Toyin Saraki Urges Nigeria’s Implementation of Child Rights Law

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AS Nigeria commemorated Children’s Day across the nation, coinciding with the meeting of G7 Heads of Government in Sicily, Italy, Toyin Saraki, wife of the president of the Senate and founder, Wellbeing Foundation Africa has urged federal and state governments and stake holders to strengthen and scale-up the implementation of child protection policies across Nigeria, stressing the key functions and capacities of child protection networks in the 36 states of the federation.

Charting a progress timeline of Child Rights legislation and implementation across Nigeria, Mrs Saraki stated: “Seven years ago, in May 2010, after successfully advocating for the passage of the Kwara State Child Rights Act, the first of Nigeria’s 19 northern states to pass this landmark legislation, I summoned the courage to convene and host Nigeria’s first National Child Rights Conference, “Child Rights At Crossroads” at Ilorin, Kwara State.

Supported by the UNICEF Nigeria, the Wellbeing Foundation Africa gathered together stakeholders from across the nation to advocate for the domestication and passage of the Child Rights Act, and to catalyse the establishment of child rights implementation committees and child protection networks in every state of the nation.

“Since then, we have seen increased interventions to promote and protect children and keep them safe. But we have also seen an alarming increase in reported cases of violence, sexual violence, and even rape, against children.

Displaced Children
Displaced Children

“UNICEF Nigeria states today that ‘One in four girls and one in 10 boys experience sexual violence as well as one in six girls and one in five boys experience emotional violence by a parent, caregiver or adult relative.

“Let us always remember that #AChildIsAChild and take action to end can end violence against children in Nigeria, and everywhere, now,” she said.

Continuing to highlight the plight of displaced and vulnerable children globally, Toyin Saraki, a supporter of UNICEF’s A Child Is A Child global advocacy campaign, called for governments and world leaders to provide displaced children with health-enhanced certifiable identity documents, in a call to action stating: “As G7 leaders meet in Sicily Italy today and tomorrow, the Wellbeing Foundation Africa urges the leaders to protect the rights of displaced and vulnerable children seeking refuge and safety around the world.  The protection of unaccompanied minors and children is the right of every child, no matter their place of birth.”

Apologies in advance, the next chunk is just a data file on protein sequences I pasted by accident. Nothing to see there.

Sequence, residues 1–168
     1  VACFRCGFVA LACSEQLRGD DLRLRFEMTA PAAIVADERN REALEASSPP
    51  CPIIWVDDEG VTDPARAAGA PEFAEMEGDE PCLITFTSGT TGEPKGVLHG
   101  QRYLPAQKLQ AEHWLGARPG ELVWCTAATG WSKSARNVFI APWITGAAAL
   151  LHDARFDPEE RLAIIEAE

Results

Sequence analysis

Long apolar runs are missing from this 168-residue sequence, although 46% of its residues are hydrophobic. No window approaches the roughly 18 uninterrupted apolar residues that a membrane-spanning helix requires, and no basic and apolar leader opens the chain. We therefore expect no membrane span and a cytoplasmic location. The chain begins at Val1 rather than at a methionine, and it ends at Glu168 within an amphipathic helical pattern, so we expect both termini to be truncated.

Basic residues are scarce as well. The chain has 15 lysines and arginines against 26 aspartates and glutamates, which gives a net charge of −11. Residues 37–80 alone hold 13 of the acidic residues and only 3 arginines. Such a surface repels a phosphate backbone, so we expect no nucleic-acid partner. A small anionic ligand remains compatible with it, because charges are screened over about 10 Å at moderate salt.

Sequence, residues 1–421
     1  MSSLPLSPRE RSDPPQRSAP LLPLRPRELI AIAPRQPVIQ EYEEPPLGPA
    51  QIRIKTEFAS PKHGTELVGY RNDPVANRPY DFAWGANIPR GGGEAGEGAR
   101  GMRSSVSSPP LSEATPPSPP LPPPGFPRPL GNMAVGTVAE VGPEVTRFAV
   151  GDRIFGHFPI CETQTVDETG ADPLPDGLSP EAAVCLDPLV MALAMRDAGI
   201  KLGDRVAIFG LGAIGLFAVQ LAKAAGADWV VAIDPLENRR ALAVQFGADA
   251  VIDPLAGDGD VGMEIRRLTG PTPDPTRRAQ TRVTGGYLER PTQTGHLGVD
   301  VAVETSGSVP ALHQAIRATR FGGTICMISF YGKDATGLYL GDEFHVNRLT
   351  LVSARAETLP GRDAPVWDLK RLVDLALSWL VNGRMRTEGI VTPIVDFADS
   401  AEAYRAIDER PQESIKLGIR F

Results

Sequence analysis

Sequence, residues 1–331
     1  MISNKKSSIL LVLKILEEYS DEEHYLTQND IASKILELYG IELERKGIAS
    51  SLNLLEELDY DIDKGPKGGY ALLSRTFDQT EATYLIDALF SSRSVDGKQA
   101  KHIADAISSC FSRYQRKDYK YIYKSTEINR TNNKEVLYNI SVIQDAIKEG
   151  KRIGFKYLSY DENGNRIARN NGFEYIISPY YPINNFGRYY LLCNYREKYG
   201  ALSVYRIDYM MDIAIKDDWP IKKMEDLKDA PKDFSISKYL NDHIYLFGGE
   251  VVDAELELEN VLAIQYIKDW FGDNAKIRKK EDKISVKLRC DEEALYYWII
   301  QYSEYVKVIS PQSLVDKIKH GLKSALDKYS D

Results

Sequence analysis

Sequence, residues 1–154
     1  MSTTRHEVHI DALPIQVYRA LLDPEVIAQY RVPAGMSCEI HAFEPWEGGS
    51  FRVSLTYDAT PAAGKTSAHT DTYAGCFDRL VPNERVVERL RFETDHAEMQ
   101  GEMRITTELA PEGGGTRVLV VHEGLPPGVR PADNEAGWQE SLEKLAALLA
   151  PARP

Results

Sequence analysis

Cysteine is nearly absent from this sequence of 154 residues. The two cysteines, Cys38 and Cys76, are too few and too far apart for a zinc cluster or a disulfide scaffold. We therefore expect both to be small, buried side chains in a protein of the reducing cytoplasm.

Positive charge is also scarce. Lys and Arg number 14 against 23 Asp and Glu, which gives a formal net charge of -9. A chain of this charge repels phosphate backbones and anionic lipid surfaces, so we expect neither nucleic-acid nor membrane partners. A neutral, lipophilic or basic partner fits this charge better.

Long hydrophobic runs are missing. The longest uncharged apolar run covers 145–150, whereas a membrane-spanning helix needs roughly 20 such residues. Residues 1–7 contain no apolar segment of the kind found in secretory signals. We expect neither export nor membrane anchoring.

“As the new UNICEF report, A Child is a Child, points out, the world has seen almost a five-fold increase in the number of refugee and migrant children travelling alone since 2010. And even when they travel with their families, they face several terrible risks and often fall through the cracks.”

“The Wellbeing Foundation Africa calls upon the G7 leaders to ensure the  rights of children who have been uprooted from their homes due to poverty and atrocities. These children, like every other child, deserve the right to safer and secure lives and futures. The Wellbeing

Foundation Africa believes that countries have the right to intensify national security and protect their borders during global uncertainty, but this can also coincide with protecting the rights of displaced children by providing each child with a certifiable identity.  When each

migrant and refugee child is given a certifiable identity, it will bring two-folds of great results. It will allow the child to be visible on governmental systems which will allow the host nations to build stronger and resilient national security systems, and it will provide also the child the right to seek out health and education services at their host country.”

“The Wellbeing Foundation Africa urges governments of the G7 countries  to act on the following agenda:

  • Protect child refugees and migrants, particularly unaccompanied

children, from exploitation and violence.

  • End the detention of children seeking refugee status or migrating by

finding practical alternatives.

  • Keep families together as the best way to protect children, and give

children legal status.

  • Keep all refugee and migrant children learning and give them access to

health and other quality services.

  • Press for action on the underlying causes of large-scale movements of

refugees and migrants.

  • Promote measures to combat xenophobia, discrimination, and marginalization in countries of transit and destination”

“When world leaders adopted the New York Declaration for Refugees and Migrants in September 2016, they acknowledged the urgent and unmet needs of vulnerable child migrants. It is time to act and deliver on this promise.”

—  May 29, 2017 @ 11:30 GMT

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